Teachers in Washington can give letter grades, but no Fs amid pandemic

Washington state officials have released new instructions for how school districts should evaluate more than a million students amid school shutdowns due to the COVID-19 pandemic.

The guidance directs districts to provide a letter grade such as A, B or C or an “incomplete” to students in grades 9-12, The Olympian reported. No student will receive a “pass,” “fail” or “no credit” grade for any course and Fs are not an option.

“Fs will not be allowed — there will be no failures this term,” Superintendent of Public Instruction Chris Reykdal said in a media conference on Wednesday.

Deploying a pass/fail grading system is not an option due to concerns that it is not equitable and does not guarantee students will receive future credit, including college or scholarships, according to Reykdal.

If students earn an “incomplete,” they will be given opportunities by districts to make up the credit through summer school, courses in the following term or year, independent study, competency-based courses or online courses.

Reykdal anticipates there won’t be many “incomplete” grades for seniors as districts work to ensure they graduate.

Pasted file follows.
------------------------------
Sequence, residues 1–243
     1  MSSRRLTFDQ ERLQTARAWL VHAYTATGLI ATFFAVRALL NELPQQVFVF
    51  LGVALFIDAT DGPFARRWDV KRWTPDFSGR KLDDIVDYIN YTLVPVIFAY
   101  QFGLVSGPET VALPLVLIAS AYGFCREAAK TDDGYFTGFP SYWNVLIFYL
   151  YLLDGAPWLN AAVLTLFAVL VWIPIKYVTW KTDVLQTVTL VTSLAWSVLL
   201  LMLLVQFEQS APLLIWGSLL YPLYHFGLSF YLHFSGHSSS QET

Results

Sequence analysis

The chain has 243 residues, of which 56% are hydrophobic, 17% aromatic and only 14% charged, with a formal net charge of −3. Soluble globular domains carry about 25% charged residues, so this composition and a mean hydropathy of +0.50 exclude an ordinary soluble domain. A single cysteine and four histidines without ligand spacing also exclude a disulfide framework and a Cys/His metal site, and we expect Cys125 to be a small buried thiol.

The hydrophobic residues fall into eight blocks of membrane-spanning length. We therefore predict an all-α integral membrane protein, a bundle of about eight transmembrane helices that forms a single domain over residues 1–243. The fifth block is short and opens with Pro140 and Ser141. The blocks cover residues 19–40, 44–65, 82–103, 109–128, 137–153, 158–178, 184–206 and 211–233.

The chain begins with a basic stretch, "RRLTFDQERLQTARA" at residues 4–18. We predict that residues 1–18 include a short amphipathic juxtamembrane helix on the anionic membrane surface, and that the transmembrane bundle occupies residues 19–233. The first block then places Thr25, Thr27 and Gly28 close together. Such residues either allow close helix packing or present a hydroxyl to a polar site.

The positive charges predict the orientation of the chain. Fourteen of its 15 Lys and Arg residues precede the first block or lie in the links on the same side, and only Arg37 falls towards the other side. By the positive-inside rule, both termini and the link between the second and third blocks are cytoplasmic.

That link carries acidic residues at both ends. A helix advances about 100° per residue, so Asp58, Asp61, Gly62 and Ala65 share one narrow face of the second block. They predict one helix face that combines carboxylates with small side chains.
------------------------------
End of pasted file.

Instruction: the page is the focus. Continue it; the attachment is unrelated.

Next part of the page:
The state also will provide a COVID-19 designation on student transcripts for classes taken during the closure so colleges are aware of the “unique environment in which the course was taken,” according to the guidance.

The changes mostly lie with grades 9-12. Middle and elementary school grading largely will remain the same, Reykdal said, since they are either not issued letter grades or those grades do not impact high school crediting-bearing courses.

K-8 students will “move on to the next grade, unless by agreement between parents/guardians and teachers they agree to repeat a grade or a portion of learning missed,” according to the guidance.